There has been a lot of debate about the definition of financial literacy and whether policy and research should focus on financial literacy or on financial capability. Many institutions have opted for the latter arguing it is more encompassing and we should focus on behavior. I am going to argue in favor of financial literacy, for three main reasons.
First, nobody knows what financial capability really means. What are the set of behaviors that make a person financially capable? Is it that a person save? Well, there are times in the life cycle when we should borrow rather than save. Is it that a person is always paying credit cards in full? There are times when liquidity constraints are tight and borrowing on credit cards is appropriate. Is it that a person has a bank account? A bank account may be not practical if the bank is 50 miles away (think rural areas) and one cannot maintain a large enough balance to avoid paying a monthly fee. I could go on and on. The point I want to make here is that what is “good” behavior or, as we economists like to call it, “optimal” behavior, depends on a lot of factors, making it very hard to come up with a set of behavioral guidelines that are applicable to everyone. Moreover and most importantly, behavior depends on preferences in addition to economic circumstances, and this makes it very hard to judge what “good” behavior is and to recommend what people “should” do. For example, I should not invest in education if my passion is to tinker with tech devices in my garage, particularly if those devices one day become known as Macintosh computers. When policy tries to dictate behaviors, the risk of becoming paternalistic is very high. And mistakes have resulted from the trumpeting of “good behavior,” for example, the recommendation that everyone should own a house. (We saw what a good idea that was!)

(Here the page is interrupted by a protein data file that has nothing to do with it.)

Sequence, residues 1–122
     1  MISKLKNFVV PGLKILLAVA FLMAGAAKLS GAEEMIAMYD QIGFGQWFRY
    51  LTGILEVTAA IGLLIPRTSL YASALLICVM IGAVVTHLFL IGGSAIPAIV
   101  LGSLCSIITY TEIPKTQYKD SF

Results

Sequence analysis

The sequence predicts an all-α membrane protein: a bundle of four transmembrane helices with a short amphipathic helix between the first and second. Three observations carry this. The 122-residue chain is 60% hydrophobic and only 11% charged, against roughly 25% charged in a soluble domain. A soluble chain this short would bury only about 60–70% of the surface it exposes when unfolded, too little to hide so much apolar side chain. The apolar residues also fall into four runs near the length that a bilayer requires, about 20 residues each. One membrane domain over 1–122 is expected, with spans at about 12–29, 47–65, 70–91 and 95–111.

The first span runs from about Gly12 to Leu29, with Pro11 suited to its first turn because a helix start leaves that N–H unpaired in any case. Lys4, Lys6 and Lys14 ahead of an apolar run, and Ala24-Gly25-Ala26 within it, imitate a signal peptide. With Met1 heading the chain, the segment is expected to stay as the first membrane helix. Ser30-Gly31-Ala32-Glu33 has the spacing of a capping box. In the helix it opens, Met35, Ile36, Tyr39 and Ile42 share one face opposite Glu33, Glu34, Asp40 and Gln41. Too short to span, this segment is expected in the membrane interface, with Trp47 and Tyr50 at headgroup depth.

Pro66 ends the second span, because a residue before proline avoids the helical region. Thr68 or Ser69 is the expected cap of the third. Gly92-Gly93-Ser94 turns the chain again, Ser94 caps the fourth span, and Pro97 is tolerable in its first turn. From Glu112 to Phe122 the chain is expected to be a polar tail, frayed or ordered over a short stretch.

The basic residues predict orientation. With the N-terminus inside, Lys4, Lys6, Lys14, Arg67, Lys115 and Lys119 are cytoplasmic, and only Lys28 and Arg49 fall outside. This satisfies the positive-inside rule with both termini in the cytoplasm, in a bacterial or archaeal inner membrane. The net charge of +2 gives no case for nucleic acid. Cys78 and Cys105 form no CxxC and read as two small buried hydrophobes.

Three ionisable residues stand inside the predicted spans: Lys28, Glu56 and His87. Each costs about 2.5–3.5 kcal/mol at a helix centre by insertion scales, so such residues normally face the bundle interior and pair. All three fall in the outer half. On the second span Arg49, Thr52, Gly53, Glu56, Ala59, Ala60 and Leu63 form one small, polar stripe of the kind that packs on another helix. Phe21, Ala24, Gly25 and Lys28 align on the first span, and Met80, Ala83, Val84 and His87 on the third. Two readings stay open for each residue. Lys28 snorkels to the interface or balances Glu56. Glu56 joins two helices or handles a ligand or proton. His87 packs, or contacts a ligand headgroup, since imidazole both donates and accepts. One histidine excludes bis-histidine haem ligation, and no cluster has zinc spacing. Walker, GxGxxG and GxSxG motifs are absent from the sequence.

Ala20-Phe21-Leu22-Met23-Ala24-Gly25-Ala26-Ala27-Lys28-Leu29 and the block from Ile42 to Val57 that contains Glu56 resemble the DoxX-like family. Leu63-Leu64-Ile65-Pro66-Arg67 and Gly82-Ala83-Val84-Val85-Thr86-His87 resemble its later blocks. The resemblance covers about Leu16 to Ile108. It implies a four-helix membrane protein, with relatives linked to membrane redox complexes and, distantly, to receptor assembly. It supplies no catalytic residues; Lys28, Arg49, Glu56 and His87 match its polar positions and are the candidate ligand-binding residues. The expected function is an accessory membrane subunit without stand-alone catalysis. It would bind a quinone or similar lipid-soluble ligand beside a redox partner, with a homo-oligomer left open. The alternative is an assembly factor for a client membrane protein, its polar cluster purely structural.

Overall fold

The financial literacy approach recognizes that it is the individual who is in charge of making decisions and is the one we are putting at the center of the attention. It also recognizes that people are different and that one size is very unlikely to fit all, contrary to many recommendations that advocate for what we all “should” do. Empowering people may be a modest step, but even ice cream comes in many flavors (Italian gelato even more and very good too!), so it is not clear why we should have a single-flavor recommendation. We can choose according to our tastes.
Second, knowledge is power. Rather than focusing on behavior (whose optimality is in the eye of the beholder), financial literacy makes us focus on the inputs that shape behavior. One of those inputs is knowledge. We require and want knowledge in almost every field I can think of that requires some judgment, from driving a car to working in a factory to extracting a tooth (try that on my niece Giorgia and you will get a lesson!). The world has changed and we require new skills to be able to succeed in today’s society. I love the definition that the Programme for International Student Assessment (PISA) has used to measure students’ knowledge: “Are students well prepared for future challenges? Can they analyze, reason and communicate effectively? Do they have the capacity to continue learning throughout life? The OECD PISA answers these questions and more, through its surveys of 15-year-olds in the principal industrialized countries. Every three years, it assesses how well students near the end of compulsory education have acquired some of the knowledge and skills essential for full participation in society.” This is not a definition of financial literacy, but it could well be as it articulates what people need today to “participate in society.” Also, note that we are able to articulate what a financially literate person should know. As I have mentioned in a previous post, we have just finished writing a set of national standards, which will be soon be available from the Council for Economic Education.
Third, simply stated, the reason I favor financial literacy is because it is easy to understand, we know what we are talking about, and it is the term that successful organizations have used in describing their programs. One of the most successful countries with regards to financial literacy, i.e., New Zealand, has the “Commission for Financial Literacy and Retirement Income.” The OECD as well, which has been a pioneer in this field, is all about financial literacy and financial education programs.
Let me close by saying that we need to be humble when it comes to guiding individuals via policy and information. We need to respect people’s unique characteristics and their differences, but we must have the audacity to aim high, believe that we can empower people to make good decisions. In my view, this is what financial literacy is all about.